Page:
When I think about the innocence of my childhood, I miss it. I mean the innocence that comes with naivety, with not knowing: not knowing about grief, not knowing about the demons to which all humans are susceptible. I miss the innocence that comes with not knowing that your family won’t always be as it is then, that they won’t always be how they are, and that they’ll never be anywhere but with you. When I was his little niece, being flung in his arms in a wrapped up sheet, belly laughing and full of glee, I had no idea that lurking within and taunting my beloved uncle was that shadowy adversary, Addiction.
I remember when I found out. That was the day my childhood innocence was shattered because my family became susceptible, and I surrendered. I was sixteen or so and we had just gotten to a beach house for a family vacation- a total Smith Fest. I ran downstairs to go say “Hi” to my favorite of the bunch. I found him- fumbling around and babbling incoherently. “He’s trying to be funny
“, I thought. I threw my arms around him and greeted him anxiously. But he peeled my arms away and pushed me aside. “Very funny, Uncle Brad…
“. I laughed and smacked him on the back. He turned around, with a glare I’ve never seen on his face before: “Leave. Me. Alone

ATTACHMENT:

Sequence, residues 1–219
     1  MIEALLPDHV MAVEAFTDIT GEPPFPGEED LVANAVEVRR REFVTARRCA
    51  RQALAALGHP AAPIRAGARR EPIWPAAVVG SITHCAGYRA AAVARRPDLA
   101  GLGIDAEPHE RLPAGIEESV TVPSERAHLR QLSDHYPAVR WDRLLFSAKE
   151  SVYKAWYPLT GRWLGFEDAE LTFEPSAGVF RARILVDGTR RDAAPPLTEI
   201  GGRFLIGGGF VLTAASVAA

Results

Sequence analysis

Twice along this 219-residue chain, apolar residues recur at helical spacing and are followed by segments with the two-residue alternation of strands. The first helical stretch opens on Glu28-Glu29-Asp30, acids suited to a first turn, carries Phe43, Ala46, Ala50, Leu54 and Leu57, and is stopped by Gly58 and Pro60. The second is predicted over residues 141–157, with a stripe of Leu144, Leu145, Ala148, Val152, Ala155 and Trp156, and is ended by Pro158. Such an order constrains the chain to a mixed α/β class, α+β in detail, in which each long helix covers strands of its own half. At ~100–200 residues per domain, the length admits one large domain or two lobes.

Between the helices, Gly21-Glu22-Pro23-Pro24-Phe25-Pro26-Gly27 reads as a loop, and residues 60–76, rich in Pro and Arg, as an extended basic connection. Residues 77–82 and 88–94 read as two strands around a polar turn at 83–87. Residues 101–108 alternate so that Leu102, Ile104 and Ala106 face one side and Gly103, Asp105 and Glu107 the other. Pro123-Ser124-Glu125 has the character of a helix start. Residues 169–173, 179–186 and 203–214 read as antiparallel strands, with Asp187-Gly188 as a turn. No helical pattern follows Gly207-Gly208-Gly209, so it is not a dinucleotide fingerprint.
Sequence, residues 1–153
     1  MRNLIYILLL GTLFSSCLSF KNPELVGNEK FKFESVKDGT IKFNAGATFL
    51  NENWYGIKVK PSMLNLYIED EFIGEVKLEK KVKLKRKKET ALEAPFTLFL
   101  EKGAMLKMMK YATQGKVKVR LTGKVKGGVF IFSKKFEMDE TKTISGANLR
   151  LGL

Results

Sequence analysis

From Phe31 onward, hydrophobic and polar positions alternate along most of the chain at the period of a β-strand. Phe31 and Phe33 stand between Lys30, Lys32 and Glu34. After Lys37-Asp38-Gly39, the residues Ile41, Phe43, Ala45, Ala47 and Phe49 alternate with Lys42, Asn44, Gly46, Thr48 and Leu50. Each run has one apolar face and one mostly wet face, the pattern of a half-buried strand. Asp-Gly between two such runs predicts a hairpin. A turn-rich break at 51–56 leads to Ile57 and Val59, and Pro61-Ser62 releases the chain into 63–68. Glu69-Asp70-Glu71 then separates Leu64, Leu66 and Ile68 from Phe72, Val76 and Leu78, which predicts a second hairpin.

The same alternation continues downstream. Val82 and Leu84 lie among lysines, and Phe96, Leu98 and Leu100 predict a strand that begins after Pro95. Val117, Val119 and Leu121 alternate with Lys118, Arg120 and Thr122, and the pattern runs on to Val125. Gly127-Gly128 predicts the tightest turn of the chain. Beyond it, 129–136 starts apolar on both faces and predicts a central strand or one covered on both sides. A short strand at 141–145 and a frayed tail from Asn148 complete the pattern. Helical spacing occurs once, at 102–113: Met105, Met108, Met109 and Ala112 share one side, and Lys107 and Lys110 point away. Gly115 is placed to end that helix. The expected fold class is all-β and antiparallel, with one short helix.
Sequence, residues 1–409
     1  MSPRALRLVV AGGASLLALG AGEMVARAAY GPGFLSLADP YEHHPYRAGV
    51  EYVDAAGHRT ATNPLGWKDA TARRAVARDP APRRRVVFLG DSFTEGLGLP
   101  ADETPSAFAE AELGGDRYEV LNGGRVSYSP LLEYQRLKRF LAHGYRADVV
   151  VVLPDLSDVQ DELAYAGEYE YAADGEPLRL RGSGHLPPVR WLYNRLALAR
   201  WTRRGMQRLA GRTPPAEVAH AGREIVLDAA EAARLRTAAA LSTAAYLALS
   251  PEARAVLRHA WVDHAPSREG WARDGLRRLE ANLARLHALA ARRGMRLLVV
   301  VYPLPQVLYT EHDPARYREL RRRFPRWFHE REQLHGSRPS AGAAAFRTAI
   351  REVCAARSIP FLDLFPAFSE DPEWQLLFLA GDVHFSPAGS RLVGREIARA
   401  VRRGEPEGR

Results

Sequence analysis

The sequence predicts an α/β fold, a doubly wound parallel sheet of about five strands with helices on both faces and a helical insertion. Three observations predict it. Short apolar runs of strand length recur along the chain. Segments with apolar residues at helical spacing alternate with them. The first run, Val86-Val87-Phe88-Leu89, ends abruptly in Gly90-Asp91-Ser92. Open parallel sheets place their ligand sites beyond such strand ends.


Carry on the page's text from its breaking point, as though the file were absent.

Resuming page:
.” Paralyzed by bewilderment, I probably stood there for a whole minute before I could even move. When my mini-coma elapsed, I made my way up the stairs, slowly at first. By the top I was running into my mom’s arms, flooded in confusion and tears. She and I left the beach house that day and she explained everything on the drive home.We returned the next day, after my dad and other uncles had given him an ultimatum: your fix, or your family. He chose us- of course he did. For the week anyway. I left that vacation with a changed heart. I loved him more than ever, but he wasn’t the uncle from my childhood anymore. He was feeble, and I had never viewed him that way before.When I was finally old enough to grasp his relationship with his drugs, the negative space left by the erosion of my childhood innocence was filled by grown-up compassion. Of course, he made me angry at times. Livid, even, as I witnessed how much his choices hurt our family. After countless stints in rehab, I couldn’t understand why he wouldn’t just recognize the damage he was doing to all of us who loved him so adoringly. But Addiction is not a fiend easily thwarted, is it? I was ever-hopeful, though. I hoped against hope for any semblance of rescue from that relentless and malignant foe which held him captive. Any interactions I had with him were seemingly positive- but he was mere traces of himself. There was a sadness about him that hadn’t existed before. Or, maybe it had. But that exquisite protector, Childhood, had blinded my innocent eyes to it.